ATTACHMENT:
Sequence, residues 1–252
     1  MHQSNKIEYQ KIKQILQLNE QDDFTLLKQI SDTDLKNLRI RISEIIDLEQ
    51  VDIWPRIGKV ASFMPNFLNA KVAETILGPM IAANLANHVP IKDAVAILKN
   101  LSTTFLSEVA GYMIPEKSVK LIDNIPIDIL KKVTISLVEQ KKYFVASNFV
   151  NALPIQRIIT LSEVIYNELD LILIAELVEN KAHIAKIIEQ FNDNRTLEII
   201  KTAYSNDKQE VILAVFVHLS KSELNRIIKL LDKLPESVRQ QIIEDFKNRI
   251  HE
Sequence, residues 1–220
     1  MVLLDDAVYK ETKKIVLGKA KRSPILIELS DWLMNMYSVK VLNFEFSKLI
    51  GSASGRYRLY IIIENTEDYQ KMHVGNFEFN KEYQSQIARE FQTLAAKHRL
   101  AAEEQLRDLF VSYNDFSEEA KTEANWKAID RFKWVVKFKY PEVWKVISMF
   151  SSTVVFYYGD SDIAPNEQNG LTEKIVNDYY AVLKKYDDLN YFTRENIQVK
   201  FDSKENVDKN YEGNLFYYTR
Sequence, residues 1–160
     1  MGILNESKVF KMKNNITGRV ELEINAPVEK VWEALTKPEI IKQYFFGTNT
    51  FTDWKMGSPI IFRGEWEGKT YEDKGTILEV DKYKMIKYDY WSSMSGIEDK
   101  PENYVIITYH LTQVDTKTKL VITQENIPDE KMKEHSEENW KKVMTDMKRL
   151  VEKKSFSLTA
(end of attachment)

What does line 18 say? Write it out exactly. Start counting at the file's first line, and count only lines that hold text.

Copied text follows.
   151  VEKKSFSLTA